Howard’s feeds BG music scene

In passing, it may seem like nothing more than an old, run-down bar with an even older letter-marquee out front.

Howard’s Club H, nestled at the north end of town, may just be the hub of a diverse, legendary, underground music scene that often goes unnoticed in an area littered with dance clubs and sports bars.

“It’s not like this booming scene where thousands of people go out to shows all the time. It’s more of a subtle scene that’s still strong but has a very eclectic feel,” said Alex Merced, campus radio DJ and founder of Fashionably Numb Music, a local promotion agency.

Near some of the nation’s largest musical regions, Bowling Green’s own sound seems to lend hand from more centrally focused areas like Detroit, Cleveland, Chicago and Columbus.

“There’s such a wide range of music, coming from so many different directions that I think it all intersects here in Northwest Ohio, creating this really interesting vortex of musical influences,” Merced said. “It’s cool because this way there is a different crowd out every night at shows. There seems to be something around here for everybody.”

Howard’s offers live music every Wednesday through Saturday and say they book the best of all varieties of music, including national, regional and local acts. As opposed to larger Toledo venues, Howard’s iprovides a clear sense of community.

“There’s always a collection of people at Howard’s who enjoy music and art and just stick together in that cultural way,” Merced said. “You’re not going to see a better show, for a better price, anywhere.”

As owner and operator of downtown’s Madhatter Music, a 17-year-old, independent record shop, Jim Cummer has watched the local music scene evolve.

“Music here is so robust and healthy and that, no doubt, stems from Howard’s being so open to the local scene and contributes to making everything a whole lot of fun,” Cummer said.

Madhatter strives to promote new and hard-to-find indie music – primarily coming out of the Bowling Green area. They also post weekly local concert information in the store’s front window and offer opinions to bands that seek their advice.

“I think this store helps to empower local bands by giving them credibility,” Cummer said. “It gives them a place to display and sell their work, and we support their shows in every way.”

When dismissed as just another college-town music scene where everyone is trying to make it big, Bowling Green’s own unique musical style gets lost.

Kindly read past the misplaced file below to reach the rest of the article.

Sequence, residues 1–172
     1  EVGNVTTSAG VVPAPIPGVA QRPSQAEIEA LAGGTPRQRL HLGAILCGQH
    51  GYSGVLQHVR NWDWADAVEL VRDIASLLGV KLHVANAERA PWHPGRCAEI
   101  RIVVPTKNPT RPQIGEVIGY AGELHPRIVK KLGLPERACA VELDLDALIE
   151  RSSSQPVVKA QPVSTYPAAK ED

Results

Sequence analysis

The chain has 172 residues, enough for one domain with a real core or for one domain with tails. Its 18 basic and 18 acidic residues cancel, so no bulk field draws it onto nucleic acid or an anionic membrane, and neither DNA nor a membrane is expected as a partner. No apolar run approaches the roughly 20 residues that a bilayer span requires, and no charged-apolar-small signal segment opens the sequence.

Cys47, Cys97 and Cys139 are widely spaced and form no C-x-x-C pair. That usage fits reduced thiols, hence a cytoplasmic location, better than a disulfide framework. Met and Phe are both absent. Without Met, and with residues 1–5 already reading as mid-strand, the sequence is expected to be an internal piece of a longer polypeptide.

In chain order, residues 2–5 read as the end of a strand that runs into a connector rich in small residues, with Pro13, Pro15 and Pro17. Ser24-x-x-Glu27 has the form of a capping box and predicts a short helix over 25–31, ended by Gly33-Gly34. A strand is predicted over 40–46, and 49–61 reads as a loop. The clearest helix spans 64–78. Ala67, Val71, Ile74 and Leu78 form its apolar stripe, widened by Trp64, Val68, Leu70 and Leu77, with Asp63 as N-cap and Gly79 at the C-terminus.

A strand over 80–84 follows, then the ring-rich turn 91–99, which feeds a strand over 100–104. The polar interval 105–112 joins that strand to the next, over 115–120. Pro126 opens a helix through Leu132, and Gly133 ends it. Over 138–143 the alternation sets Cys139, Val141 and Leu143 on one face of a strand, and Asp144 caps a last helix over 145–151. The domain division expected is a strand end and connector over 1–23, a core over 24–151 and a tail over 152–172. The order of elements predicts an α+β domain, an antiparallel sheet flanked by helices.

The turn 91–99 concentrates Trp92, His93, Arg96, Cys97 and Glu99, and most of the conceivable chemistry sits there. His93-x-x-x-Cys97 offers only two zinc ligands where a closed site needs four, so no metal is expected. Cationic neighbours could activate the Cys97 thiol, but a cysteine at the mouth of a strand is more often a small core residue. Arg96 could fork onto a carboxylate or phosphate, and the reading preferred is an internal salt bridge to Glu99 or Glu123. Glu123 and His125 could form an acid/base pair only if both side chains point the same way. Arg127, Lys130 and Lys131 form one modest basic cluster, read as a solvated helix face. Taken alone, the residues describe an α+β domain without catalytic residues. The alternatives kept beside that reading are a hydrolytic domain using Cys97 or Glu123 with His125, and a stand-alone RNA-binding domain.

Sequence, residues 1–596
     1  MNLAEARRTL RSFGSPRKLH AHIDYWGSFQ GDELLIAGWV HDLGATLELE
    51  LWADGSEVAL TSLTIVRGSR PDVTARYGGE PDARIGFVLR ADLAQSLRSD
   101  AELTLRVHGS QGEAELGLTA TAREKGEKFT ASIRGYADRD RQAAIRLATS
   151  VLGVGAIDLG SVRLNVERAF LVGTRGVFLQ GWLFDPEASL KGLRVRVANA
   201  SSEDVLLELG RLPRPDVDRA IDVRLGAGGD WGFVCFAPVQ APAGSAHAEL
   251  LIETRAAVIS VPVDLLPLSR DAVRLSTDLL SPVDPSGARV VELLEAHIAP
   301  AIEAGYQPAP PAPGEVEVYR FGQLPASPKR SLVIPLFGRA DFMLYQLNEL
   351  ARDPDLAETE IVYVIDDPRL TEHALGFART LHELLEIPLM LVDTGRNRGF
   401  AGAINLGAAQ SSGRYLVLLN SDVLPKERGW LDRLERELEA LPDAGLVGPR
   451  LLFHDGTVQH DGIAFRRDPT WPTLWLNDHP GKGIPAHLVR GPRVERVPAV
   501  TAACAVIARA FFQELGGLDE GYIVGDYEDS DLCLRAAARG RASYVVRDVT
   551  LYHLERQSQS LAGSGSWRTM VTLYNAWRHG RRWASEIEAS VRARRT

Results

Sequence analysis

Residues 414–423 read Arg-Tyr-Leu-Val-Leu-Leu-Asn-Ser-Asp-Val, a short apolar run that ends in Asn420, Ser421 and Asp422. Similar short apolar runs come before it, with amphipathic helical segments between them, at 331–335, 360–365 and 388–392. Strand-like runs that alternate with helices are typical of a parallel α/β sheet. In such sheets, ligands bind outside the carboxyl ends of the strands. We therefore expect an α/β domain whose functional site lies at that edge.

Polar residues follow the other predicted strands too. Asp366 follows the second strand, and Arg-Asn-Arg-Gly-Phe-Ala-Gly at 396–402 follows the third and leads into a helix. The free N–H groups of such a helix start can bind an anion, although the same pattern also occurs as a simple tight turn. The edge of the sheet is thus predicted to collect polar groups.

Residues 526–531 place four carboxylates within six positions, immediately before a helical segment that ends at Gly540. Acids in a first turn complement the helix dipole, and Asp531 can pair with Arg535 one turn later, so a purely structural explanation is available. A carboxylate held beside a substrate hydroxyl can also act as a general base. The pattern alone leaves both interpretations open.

Anyone can make a good CD, but it’s the live show that can really set a band apart, according to Michael Seitz, freshman and lead vocals for local pop-punk act, Eight Minutes Upside Down.

Emerging originally from the Upper Sandusky area, EMUD first hit the BG scene last year when three of its members began classes at the University and have since noticed an increased fan-base.

“We’ve been able to really work on everything from stage presence to sound since places like Howard’s are always looking for local bands,” Seitz said. “It is easier to promote around here since people seem to be open to all types of music and genres.”

Merced said that over the past year he has booked some of the best bands he has ever seen as well as acts that he is sure will eventually break into the national music scene, including such Howard’s regulars as experimental/down-tempo/happy hardcore Mammoths Melting out of the Ice!?! and the more electronically-based Stylex. “If you take a look at a lot of these local bands, they all have really strong, jaw-dropping, top-notch live shows, even when no one’s there to watch,” Merced said. “It would be nice to see more of the student body come out. They are missing out on a lot of really really good music – I don’t understand how anyone could get bored in this town.”

Mammoths, who recently released a six-song EP, are based out of BG and agree that the area is a quality place for good, underground bands to flourish.

“Bowling Green certainly has a very diverse crowd of bands, as we have played with everything from straight-up noise bands to pleasant, melodic acts,” said Guy Justusson, a member of Mammoths. “It seems more like people in the area are borrowing things from what’s out there and what they like and putting their own spin on it, which is really exciting.”

Without a dominating genre in the area, it seems that local musicians are more inclined to try new sounds, which may not be heard elsewhere. The BG scene is ripe with innovative and experimental bands that are trying to do what they believe sounds good, according to junior, musician and serious music fan, Mike Piller.

“Often at Howard’s you may have to sit through a few crappy acts before you hear the one that you came for, but I do think that’s something that deserves credit, because those bands are still getting out there, doing what they want,” Piller said.